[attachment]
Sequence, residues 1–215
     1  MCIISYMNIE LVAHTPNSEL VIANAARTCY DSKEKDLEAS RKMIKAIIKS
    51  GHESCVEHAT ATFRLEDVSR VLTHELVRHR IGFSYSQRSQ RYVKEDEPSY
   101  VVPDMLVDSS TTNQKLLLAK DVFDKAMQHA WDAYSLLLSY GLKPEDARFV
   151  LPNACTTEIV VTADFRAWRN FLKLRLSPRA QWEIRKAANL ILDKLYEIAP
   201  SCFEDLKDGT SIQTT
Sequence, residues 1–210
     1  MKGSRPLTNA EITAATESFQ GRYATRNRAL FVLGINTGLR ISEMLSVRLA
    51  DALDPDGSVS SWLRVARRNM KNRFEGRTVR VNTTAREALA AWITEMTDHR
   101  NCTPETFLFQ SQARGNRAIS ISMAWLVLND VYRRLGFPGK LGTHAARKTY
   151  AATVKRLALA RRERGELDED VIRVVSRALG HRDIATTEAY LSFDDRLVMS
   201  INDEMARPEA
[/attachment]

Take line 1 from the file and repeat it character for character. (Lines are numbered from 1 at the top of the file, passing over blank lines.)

Sequence, residues 1–215